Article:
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Users of Reddit, a social media platform, posted and circulated sexually explicit images and videos of minors online. The victims, or their parents, sued Reddit pursuant to Section 1595, the Trafficking Victims Protection Reauthorization Act.   The Ninth Circuit affirmed the district court’s dismissal. Rhe panel held that Section 230 of the Communications Decency Act, 47 U.S.C. Section 230(c)(1), shielded defendant Reddit, Inc., from liability. The panel held that Reddit, an “interactive computer services” provider, generally enjoys immunity from liability for user-posted content under Section 230(c)(1). However, pursuant to the Allow States and Victims to Fight Online Sex Trafficking Act of 2018 (“FOSTA”), Section 230 immunity does not apply to child sex trafficking claims if the conduct underlying the claim also violates 18 U.S.C. Section 1591, the criminal child sex trafficking statute.   The panel held that the plain text of FOSTA, as well as precedent interpreting a similar immunity exception under the Foreign Sovereign Immunities Act, established that the availability of FOSTA’s immunity exception is contingent upon a plaintiff proving that a defendant-website’s own conduct—rather than its users’ conduct—resulted in a violation of 18 U.S.C. Section 1591. The panel held that FOSTA’s wider statutory context confirmed its reading. In Section II.C, the panel held that its reading was also supported by the legislative history of FOSTA. View "JANE DOES, ET AL V. REDDIT, INC." on Justia Law

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City of Reno’s complaint and declaratory relief under Nevada’s Video Service Law (“VSL”) and the federal Declaratory Judgment Act, respectively. The Ninth Circuit affirmed the district court’s dismissal for failure to state a claim of Reno’s complaint alleging that Netflix, Inc. and Hulu, LLC failed to pay franchise fees for the video streaming services they provide.   Specifically, the panel first addressed the VSL. The VSL does not expressly create a private right of action for cities to sue for unpaid franchise fees. The test under Nevada law for whether a statute creates an implied right of action is set forth in Baldonado v. Wynn Las Vegas, LLC, 194 P.3d 96 (Nev. 2008). The panel held that all three Baldonado factors weigh against recognition of an implied right of action here. Concerning the federal Declaratory Judgment Act, the panel held that it does not provide a cause of action when a party, such as Reno, lacks a cause of action under a separate statute and seeks to use the Act to obtain affirmative relief. Here, Reno’s suit was offensive, not defensive, and Reno lacked an independent cause of action, so the Declaratory Judgment Act provided no basis for relief. View "CITY OF RENO V. NETFLIX, INC., ET AL" on Justia Law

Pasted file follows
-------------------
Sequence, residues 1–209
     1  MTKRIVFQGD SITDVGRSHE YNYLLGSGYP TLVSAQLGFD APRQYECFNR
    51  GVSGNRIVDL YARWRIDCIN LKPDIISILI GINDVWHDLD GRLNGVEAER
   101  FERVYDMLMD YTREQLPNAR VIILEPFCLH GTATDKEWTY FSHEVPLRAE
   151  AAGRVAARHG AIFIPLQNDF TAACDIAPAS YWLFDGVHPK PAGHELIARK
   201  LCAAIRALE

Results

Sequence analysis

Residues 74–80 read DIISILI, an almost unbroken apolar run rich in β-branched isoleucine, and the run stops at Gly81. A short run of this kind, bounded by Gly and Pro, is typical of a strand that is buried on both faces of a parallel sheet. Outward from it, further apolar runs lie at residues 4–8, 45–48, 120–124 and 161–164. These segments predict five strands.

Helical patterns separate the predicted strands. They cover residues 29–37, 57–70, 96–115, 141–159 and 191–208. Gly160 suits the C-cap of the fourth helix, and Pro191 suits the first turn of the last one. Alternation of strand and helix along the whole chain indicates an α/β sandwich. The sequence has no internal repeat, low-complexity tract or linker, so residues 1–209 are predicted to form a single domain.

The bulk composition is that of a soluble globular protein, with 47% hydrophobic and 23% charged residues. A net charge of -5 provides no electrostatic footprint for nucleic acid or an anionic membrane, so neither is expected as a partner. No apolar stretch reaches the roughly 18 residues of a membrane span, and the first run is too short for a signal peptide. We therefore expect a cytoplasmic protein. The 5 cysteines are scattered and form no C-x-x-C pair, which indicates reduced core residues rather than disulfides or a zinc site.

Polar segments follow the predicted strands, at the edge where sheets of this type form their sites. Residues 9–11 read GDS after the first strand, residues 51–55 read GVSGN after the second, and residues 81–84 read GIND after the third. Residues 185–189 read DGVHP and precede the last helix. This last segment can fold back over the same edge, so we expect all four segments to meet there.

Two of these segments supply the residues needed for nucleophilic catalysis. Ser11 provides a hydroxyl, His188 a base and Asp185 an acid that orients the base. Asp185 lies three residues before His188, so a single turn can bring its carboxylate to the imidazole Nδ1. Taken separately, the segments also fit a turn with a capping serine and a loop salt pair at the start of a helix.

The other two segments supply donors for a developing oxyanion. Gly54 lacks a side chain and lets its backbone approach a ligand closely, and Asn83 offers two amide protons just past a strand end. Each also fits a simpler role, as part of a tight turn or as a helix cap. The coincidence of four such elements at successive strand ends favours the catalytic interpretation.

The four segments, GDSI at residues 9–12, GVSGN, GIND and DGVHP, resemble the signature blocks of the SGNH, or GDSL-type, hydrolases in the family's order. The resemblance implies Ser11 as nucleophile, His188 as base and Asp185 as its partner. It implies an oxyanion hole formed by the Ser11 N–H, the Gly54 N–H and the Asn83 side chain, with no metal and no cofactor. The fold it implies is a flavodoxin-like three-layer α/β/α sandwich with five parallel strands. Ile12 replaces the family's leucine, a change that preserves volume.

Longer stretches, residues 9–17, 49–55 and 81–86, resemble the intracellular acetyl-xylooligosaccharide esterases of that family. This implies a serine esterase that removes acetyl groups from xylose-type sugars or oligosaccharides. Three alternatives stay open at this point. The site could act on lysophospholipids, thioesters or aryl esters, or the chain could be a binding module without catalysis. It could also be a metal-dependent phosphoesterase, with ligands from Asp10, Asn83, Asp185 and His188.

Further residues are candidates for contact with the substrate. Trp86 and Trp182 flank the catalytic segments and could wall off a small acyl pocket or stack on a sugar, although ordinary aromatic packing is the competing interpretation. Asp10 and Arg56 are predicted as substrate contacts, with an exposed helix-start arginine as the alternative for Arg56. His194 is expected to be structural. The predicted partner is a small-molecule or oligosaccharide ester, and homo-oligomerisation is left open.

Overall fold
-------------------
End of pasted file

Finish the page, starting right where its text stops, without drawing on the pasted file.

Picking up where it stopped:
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Plaintiffs were injured in unspecified accidents and treated by South Carolina health care providers. Seeking to pursue personal injury lawsuits, Plaintiffs requested their medical records from the relevant providers. Those records—and accompanying invoices—were supplied by defendants Ciox Health, LLC and ScanSTAT Technologies LLC, “information management companies” that retrieve medical records from health care providers and transmit them to requesting patients or patient representatives. Claiming the invoiced fees were too high or otherwise illegal, Plaintiffs filed a putative class action against Ciox and ScanSTAT in federal district court.   The district court dismissed the complaint and the Fourth Circuit affirmed. The court explained that South Carolina law gives patients a right to obtain copies of their medical records, while capping the fees “a physician, or other owner” may bill for providing them. However, the statutory obligations at issue apply only to physicians and other owners of medical records, not medical records companies. View "Tammie Thompson v. Ciox Health, LLC" on Justia Law